Change only happens when you vote

Vote illustration

Clarion Illustration by Brighid Monahan

Elliott Puckette, Copy Editor

To start, I just want to say that I love comedians, especially political ones. It is because of political comedians that I became interested in the political process and can today count myself as a reasonably well-informed member of society. The role of rebellious satirist is an important one; we need people to stand on the sidelines and call foul, even when they’re not the appointed referees.

So understand it is with the utmost respect that I say George Carlin is dead wrong when he advocates abstinence from the voting process (one of the few abstentions he would recommend).

Carlin was nothing if not a brilliant rhetorician. His “Seven Dirty Words You Can’t Say On Television” is rightly an iconic piece of comedy and one of the most influential treatises on censorship in recent history. Criticism of institutions were his bread and butter, and he had a lot of good points to make, but he also said that voting was merely a masturbatory process, incapable of changing a broken system, and that it would be better to just stay home on election day.

This particular routine more than most reveals the difference between generational ideologies. Carlin spoke to Generation X, the kids growing up in the wake of Watergate and Vietnam, a generation often defined by cynicism and apathy. It makes sense that his message would appeal to that audience, but the millennial generation has a decidedly different outlook. We’re a generation of political activism, idealism, and social reform. We’re the kids who actually think Bernie Sanders could be president. So why is youth voter turnout so low?

According to the Census Bureau less than half of U.S. citizens between 18 and 29 years old voted during recent presidential elections, and the number drops to around 20 percent for midterm elections. That can’t just be because students are averse to the word ‘midterm.’ Clearly, Carlin’s political stance of apathy is still relatable to young people, which is why I feel compelled to point out just why he’s wrong.

First, Carlin’s most quoted line from his anti-voting routine is “If you vote, you have no right to complain,” meaning that you as a voter are to blame for the corruption and incompetence that plagues our system, because you voted that evil into power. Carlin claims that by not voting he absolves himself of all responsibility for our political situation.

That is false. Civic responsibility isn’t a piece of clothing you can either choose to wear or bury at the bottom of your dresser drawer, it is an integral part of your identity as a citizen of the U.S, whether you asked for that responsibility or not. No vote is still a vote, and Carlin shares just as much responsibility for our government as anyone else, more even, because he rejected the opportunity to nudge our the political process in a more desirable direction.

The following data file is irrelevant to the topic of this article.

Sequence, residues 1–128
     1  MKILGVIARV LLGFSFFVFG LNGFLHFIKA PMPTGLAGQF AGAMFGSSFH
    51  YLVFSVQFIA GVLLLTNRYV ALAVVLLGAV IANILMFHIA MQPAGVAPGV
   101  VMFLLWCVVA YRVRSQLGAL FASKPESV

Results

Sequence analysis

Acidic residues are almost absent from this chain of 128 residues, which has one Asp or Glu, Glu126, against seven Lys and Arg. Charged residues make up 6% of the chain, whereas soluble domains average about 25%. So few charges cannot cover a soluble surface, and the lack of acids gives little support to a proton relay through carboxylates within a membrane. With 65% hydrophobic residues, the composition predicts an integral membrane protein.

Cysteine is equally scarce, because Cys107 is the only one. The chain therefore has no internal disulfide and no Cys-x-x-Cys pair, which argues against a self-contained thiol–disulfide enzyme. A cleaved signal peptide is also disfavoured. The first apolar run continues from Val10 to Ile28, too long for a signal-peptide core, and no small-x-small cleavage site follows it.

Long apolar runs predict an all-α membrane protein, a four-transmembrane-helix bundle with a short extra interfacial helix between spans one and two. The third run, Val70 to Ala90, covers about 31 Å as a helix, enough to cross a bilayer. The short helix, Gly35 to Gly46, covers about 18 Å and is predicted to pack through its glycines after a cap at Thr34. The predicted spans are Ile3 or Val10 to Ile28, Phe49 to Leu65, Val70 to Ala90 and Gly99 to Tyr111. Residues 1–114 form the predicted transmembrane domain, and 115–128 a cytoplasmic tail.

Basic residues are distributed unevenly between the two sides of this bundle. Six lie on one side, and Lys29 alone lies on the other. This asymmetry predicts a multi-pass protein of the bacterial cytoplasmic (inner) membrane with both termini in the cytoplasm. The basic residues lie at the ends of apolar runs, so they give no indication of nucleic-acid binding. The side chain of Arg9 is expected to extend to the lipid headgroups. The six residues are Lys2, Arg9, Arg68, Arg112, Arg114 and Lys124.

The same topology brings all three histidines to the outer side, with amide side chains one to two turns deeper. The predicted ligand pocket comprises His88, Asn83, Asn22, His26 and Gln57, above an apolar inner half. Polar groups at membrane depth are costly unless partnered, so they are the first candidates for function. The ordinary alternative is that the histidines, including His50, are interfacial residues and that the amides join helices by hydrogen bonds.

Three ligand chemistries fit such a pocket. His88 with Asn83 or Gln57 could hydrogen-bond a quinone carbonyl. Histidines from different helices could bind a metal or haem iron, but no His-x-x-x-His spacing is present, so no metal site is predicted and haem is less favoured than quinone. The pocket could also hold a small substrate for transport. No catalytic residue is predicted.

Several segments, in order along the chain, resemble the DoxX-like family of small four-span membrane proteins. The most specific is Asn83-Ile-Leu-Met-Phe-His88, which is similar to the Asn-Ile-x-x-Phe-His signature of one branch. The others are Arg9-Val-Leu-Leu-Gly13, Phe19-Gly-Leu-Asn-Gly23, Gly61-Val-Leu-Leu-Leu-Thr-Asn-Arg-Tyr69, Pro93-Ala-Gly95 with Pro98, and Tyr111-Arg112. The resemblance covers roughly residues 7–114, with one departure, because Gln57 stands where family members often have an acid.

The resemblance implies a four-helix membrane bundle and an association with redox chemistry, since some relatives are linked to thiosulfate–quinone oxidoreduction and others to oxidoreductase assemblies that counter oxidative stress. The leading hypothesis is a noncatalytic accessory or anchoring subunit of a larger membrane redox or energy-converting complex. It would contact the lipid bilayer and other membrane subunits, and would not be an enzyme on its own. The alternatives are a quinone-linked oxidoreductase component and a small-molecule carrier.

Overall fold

The other reason Carlin gives against voting is that it just doesn’t matter. A single well-intentioned vote by an ordinary citizen can’t change our squint-and-it’s-an-oligarchy government.

True enough. Gerrymandering, SuperPACs, and lobbying hold far more power than the ordinary citizen. However, as Bernie Sanders, and even more impressively Donald Trump, have shown, establishment corruption falls by the wayside when you can tap into a strong voter base.

The powers of these two candidates are certainly the most surprising at this point in the election, both defying conventional wisdom on what makes a successful candidate. Regardless of where you stand on the political spectrum, the support surrounding at least one of these men and a few other candidates probably makes you very nervous, and that is why it is important that you, the reasonably normal everyday citizen, actually vote. Because if you don’t the only voices that are heard are the fanatics, the people who devote all of their time and energy to the political and ideological monsters of the day.
Even if you don’t particularly like any of the candidates, and that’s not unlikely given this election of bread and circuses, go vote for that lukewarm first choice so the worse guy doesn’t get it by default.

Carlin paints not voting as an act of rebellion, a conscientious objection to a broken system. But no revolution ever came from sitting at home fellating yourself, as he would recommend, and no government looks at the people who didn’t vote and says, “Gee, they didn’t vote, I guess we’ll just fix ourselves.” Change happens because people demand it, and people demand it by going out and making their voices heard through protests, petitions, calls to representatives, and most importantly, votes.